Vaiagae wants to bring experience to Legislature

Posted on Jan 29 2019


Grace “Pitu” Sablan Vaiagae has been a public servant in a different way by providing counseling services to those who need them. She started her career as a teacher and guidance counselor at Marianas High School, then slowly transition to issues involving women, substance abusers and their families, and now personnel at the Department of Public Safety.

For almost 15 years she has been listening to various problems, needs, and whatever issues bothering her clients. Now, she is hoping to serve in another capacity after deciding to run for the special election on March 23 that would fill the vacant seat left by the untimely passing of former vice speaker Francisco S. Dela Cruz.

She is hoping to bring another perspective coming from a woman and a clinician, as she tries to become the fourth female member of the House of Representatives and fifth in the entire CNMI Legislature after Reps. Sheila Babauta (Ind-Saipan), Janet U. Maratita (R-Saipan), and Tina Sablan (Ind-Saipan) and Sen. Teresita A. Santos (Ind-Rota).

“We have wonderful male leaders, but I think there needs to be a balance in the representation. I want to be a fresh voice for women and bring in a clinician’s perspective in the legislative body. We have the capacity of having women as leaders in our community and have another female in the Legislature,” Vaiagae told Saipan Tribune in an interview.

“I’ve been a public servant for almost 10 years. I’ve been a teacher at Marianas High School right after finishing my bachelor’s in psychology degree at the University of Guam and later a school counsellor. I went off-island again to pursue my master’s degree while also working as a therapist. Now, I’m back on Saipan and wanted to serve the place where I grew up in.”

For more than two years, she has worked as a counselor/therapist at the Marianas Behavioral Health International Inc., Saipan—dealing with alcohol, drugs, and substance abuse—and counselor for the Department of Public Safety helping police officers and civilian employees with duty-related problems, personal issues, and other stress factors.

“Now that I’m back home again, I’m still in the same field again, a public servant in a different way. I’ve been working closely with individuals that some may say are under served, marginalized, and those who are not well represented—like women, individuals that are impacted by the meth problem, and first responders,” Vaiagae said.

“I would want to be a voice rather than remain a bystander. I want to give back more, not just service wise in terms of providing counselling and education. But, also through legislative work by bringing in a perspective from the clinician’s side, and the individuals and families that I worked with through counseling.”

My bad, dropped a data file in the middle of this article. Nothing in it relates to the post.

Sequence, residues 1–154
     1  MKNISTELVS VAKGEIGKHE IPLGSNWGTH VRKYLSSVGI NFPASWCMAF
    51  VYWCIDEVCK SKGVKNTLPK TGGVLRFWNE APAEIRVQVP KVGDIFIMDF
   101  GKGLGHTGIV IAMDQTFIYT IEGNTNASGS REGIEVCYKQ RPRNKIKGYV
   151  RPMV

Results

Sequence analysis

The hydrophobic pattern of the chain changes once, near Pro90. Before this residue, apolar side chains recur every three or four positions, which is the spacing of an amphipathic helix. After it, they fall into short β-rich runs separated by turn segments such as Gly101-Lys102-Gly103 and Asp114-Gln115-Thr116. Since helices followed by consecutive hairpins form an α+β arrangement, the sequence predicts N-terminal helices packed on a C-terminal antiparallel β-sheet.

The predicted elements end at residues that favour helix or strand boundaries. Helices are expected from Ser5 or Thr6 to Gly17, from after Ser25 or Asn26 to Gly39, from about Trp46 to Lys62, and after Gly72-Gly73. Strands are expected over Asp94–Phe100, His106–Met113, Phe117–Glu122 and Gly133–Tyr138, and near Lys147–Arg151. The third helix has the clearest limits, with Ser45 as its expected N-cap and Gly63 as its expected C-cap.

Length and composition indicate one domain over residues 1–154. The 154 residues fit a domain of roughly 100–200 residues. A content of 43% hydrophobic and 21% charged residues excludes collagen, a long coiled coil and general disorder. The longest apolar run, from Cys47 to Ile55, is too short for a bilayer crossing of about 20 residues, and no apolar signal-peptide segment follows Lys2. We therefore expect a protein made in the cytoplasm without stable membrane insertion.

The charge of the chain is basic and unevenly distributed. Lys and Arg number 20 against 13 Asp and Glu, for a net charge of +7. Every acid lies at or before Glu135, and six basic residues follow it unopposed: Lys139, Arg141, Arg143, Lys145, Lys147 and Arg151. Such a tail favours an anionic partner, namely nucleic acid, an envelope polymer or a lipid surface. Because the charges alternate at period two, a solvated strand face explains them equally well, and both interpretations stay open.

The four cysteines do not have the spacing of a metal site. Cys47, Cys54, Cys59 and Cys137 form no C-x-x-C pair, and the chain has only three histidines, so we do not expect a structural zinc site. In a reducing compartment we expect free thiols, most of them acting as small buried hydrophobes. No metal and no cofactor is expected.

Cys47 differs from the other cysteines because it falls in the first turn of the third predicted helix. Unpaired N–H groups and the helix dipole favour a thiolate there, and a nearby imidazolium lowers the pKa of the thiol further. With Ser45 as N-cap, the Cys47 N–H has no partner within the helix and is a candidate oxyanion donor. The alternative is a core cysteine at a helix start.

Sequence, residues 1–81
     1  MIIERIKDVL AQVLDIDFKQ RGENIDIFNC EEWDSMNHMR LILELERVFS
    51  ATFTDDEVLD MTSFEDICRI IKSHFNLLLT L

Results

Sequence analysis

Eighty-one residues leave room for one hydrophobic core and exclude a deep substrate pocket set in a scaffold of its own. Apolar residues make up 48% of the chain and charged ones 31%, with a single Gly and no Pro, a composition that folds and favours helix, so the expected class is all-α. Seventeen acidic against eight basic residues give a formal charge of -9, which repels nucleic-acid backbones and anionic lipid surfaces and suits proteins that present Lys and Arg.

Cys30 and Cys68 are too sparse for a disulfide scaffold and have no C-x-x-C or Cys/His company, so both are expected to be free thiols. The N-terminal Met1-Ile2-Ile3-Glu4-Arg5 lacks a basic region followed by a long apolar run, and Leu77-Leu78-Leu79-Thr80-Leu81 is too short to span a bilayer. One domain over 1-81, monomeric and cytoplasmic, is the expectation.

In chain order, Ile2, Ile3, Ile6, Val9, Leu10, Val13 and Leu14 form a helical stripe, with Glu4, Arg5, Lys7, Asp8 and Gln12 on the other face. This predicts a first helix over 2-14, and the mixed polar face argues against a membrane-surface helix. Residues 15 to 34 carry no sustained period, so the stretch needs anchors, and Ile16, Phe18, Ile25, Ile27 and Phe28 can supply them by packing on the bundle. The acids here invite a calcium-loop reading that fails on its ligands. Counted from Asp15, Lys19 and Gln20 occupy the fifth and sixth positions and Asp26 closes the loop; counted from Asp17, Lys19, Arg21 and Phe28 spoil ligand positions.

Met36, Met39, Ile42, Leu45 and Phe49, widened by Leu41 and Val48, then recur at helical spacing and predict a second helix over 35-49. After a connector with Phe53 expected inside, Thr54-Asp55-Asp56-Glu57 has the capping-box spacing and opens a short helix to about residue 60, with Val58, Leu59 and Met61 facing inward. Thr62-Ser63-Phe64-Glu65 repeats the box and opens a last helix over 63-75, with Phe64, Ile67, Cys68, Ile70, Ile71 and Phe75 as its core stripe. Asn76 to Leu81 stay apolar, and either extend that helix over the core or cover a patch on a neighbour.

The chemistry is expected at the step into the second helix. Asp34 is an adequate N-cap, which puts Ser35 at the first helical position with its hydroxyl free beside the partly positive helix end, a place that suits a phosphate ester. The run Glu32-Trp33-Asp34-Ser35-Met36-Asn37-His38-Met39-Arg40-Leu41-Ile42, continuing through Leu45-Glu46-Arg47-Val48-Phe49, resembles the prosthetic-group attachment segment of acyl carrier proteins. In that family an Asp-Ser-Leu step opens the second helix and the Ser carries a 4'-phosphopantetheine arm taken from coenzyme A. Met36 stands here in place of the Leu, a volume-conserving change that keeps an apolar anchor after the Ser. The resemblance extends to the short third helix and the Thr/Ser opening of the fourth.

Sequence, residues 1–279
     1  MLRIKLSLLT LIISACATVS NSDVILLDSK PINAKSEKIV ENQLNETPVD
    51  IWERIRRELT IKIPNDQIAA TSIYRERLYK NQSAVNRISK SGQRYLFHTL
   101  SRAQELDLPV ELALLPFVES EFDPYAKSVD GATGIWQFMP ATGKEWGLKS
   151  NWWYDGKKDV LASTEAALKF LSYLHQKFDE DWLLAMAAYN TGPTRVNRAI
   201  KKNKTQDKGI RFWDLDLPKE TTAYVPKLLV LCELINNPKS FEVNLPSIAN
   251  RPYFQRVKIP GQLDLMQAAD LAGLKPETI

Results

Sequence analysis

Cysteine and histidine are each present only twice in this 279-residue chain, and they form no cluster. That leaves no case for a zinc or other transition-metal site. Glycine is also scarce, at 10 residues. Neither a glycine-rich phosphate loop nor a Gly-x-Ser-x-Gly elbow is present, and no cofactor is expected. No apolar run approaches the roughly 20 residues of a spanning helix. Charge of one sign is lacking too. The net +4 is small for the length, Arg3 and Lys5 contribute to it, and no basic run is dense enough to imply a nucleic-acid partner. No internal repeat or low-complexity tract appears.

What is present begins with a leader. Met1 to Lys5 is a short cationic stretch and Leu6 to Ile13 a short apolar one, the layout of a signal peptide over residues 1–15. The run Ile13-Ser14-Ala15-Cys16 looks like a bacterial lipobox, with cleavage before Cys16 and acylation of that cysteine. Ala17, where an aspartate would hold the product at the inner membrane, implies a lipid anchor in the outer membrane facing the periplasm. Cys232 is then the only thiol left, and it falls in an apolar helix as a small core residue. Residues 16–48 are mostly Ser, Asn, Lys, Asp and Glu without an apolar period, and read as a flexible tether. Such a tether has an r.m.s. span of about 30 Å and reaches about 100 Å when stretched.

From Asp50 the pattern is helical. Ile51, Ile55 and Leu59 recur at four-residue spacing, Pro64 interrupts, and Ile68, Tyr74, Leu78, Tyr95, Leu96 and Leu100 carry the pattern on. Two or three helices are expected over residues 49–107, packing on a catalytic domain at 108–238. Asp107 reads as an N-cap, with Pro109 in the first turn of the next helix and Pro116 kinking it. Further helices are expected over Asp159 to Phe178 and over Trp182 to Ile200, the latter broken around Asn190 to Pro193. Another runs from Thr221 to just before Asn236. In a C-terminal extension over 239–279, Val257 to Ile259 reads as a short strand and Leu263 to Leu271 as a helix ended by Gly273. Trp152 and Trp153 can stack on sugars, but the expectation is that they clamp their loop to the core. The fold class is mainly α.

She added that the CNMI Drug Court has been a wonderful program to help those who have drug-related problems recover and go back to become productive members of the community, but there’s still a lot to be done to help those who chose to undergo individual rehabilitation and address the meth problem in the islands.

“Let us look at our laws to see on how can we help these individuals that are impacted by the meth problem. How can we draft bills or enact our laws for these people? The problem on methamphetamine is also a sensitive issue and I like to bring my experience as a counselor to lawmaking,” Vaiagae said.

She also wants to push for the CNMI’s first responders, like police officers and firefighters, to be provided with additional benefits like hazardous pay. “Police officers and our first responders put their lives at risk and yet they don’t receive hazardous pay. I have yet to see a bill or a law about it. No one has addressed that yet. Let’s get a bill going.”

Vaiagae said that first responders worked tirelessly during and after Super Typhoon Yutu last year, despite some of them also being victims of one of the strongest storms that hit the Marianas. “They had left their homes to keep our community safe despite some of them also having damages in their homes or have lost their properties.”

She is under the GOP and has already submitted her letter of intent to CNMI Republican Party Precinct 3 Club chair Joaquin Ogumoro. Marco Taisakan Peter is also seeking for the GOP’s blessing and Vaiagae said she would accept the party’s decision, whoever they choose to field as their candidate.

“I’m loyal to the party and if I won’t be chosen as the candidate, I would clearly support the person that the GOP would choose. The [local] GOP always talk about family and I’m part of that family, so I would do my share to help that family,” she added.

Jon Perez | Reporter
Jon Perez began his writing career as a sports reporter in the Philippines where he has covered local and international events. He became a news writer when he joined media network ABS-CBN. He joined the weekly DAWN, University of the East’s student newspaper, while in college.
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